(Adds economist, analyst quotes, background)
By Eric Knecht
CAIRO, Oct 15 (Reuters) - Egypt’s central bank allowed the Egyptian pound to weaken on Thursday to 7.83 per dollar from 7.73, the first official depreciation since July and a move economists say is needed to ease a foreign currency crisis and support dwindling reserves.
The Egyptian central bank sold $39.6 million at a cut-off price of 7.8301 pounds per dollar at its Thursday auction, a 0.10 pound increase from its Tuesday auction.
The pound also weakened on the parallel market, with two traders quoting 8.22/25 pounds to the dollar, weaker than the 8.15/18 quoted on Tuesday.
Egypt is grappling with a foreign currency shortage that has crippled the ability of businesses to import.
Economists say the crisis has been exacerbated by an overvalued pound, the maintenance of which has cost the country billions in currency reserves since the 2011 uprising.
Foreign currency reserves, which stood at about $36 billion before the uprising, were $16.335 billion at the end of September despite billions of dollars in Gulf Arab aid since mid-2013.
Economists say easing the forex crisis requires restoring tourism, a pillar of the economy largely frozen since the 2011 uprising, and lowering the energy import bill, which drains about $700 million to $1 billion of hard currency every month.
As part of its efforts to attract foreign investment, Egypt has sought to tame a once-thriving currency black market with measures such as a cap on dollar-denominated bank deposits.
While the measures have largely succeeded in drying up the black market for dollars, they have also starved manufacturers of foreign currency they need to import raw materials and machinery, stifling economic output.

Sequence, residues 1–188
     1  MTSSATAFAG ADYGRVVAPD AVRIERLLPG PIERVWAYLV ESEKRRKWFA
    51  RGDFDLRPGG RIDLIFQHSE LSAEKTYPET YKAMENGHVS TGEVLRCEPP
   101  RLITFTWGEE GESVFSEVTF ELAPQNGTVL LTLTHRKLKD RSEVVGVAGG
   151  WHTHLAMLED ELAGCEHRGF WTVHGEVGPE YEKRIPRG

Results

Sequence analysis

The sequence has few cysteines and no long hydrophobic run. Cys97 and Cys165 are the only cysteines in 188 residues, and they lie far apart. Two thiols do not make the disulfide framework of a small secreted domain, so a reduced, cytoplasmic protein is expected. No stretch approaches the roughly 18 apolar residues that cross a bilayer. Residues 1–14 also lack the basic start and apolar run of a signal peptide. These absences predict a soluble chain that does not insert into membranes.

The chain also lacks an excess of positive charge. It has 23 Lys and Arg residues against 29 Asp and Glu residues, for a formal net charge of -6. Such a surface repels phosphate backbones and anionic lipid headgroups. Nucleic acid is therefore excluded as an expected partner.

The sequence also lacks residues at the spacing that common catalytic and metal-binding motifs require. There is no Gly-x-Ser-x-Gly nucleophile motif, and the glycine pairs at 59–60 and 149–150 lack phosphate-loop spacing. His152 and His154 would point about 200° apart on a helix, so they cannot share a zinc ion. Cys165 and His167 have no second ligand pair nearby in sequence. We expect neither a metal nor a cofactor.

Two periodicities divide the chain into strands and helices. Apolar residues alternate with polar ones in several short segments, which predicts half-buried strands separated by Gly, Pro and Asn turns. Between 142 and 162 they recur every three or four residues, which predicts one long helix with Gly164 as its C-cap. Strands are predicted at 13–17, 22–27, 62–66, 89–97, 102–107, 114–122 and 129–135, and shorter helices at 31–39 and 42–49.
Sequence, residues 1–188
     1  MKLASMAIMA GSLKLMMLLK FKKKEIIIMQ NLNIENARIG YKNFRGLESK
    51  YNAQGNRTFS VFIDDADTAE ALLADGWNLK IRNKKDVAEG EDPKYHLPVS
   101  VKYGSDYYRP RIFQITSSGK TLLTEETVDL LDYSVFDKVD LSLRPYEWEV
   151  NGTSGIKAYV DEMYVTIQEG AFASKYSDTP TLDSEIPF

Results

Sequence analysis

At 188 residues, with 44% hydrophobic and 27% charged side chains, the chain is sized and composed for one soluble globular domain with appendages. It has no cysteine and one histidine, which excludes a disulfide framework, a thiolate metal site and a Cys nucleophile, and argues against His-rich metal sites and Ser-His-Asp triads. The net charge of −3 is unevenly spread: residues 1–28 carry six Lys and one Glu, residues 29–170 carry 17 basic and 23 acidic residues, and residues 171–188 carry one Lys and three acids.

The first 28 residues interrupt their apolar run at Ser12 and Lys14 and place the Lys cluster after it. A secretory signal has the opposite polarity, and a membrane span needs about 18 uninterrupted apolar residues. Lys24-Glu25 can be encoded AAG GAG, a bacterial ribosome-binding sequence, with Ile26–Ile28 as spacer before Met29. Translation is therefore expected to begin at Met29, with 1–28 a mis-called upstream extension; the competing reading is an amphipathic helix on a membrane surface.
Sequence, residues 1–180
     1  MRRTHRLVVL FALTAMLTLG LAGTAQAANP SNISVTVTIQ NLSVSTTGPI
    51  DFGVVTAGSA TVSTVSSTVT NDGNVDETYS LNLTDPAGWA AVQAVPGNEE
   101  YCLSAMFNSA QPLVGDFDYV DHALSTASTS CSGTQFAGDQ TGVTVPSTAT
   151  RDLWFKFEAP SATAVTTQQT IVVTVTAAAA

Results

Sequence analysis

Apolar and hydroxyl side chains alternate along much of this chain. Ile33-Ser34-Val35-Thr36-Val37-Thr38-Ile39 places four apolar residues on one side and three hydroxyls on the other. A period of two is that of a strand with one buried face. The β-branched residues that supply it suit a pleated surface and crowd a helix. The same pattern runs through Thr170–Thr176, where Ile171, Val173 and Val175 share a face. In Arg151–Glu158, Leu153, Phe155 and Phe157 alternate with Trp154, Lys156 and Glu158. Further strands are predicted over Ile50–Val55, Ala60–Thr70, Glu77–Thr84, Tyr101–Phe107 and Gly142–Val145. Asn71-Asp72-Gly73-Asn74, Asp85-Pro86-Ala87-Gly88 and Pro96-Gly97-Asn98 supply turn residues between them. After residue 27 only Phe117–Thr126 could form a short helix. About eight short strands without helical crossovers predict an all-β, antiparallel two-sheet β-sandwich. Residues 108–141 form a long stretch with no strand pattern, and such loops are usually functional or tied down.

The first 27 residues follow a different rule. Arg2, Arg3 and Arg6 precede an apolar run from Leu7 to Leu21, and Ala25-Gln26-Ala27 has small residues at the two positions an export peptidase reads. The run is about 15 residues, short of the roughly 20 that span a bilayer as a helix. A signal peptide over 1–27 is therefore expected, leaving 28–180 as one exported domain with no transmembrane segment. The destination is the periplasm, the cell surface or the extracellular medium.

The perception that the pound remains overvalued has also kept many foreign investors on the sidelines and their badly needed foreign currency from entering Egypt.
“Many foreign institutions are waiting for the pound to depreciate so they can time their investments and not be exposed to a depreciating pound once they get into the market,” said Allen Sandeep, director of research at Naeem brokerage in Cairo.
“Everyone we speak to is waiting for the depreciation to happen,” said Sandeep, who expects further depreciation in the short-term.
Allowing the pound to weaken in a controlled way could boost exports and attract further investment, but it also raises Egypt’s already large bill for imported fuel and food staples.
Analysts say those concerns, as well as fears that devaluing the pound will fuel inflation in a country where huge swathes of the population live hand-to-mouth, are behind the central bank’s reluctance to act decisively.
But recent pressure on emerging market currencies has cast the Egyptian pound as particularly overvalued.
“The EGP has been appreciating in real terms in last few months and reached its peak in 2015, in light of international currencies losing value,” said Hany Farahat, senior economist at CI Capital.
“Although the structural challenges facing the balance of payments indicate that devaluation will not solve all the problems...it certainly is the basic step that must be taken towards improving our FX base,” said Farahat. (Reporting by Eric Knecht; Editing by Toby Chopra)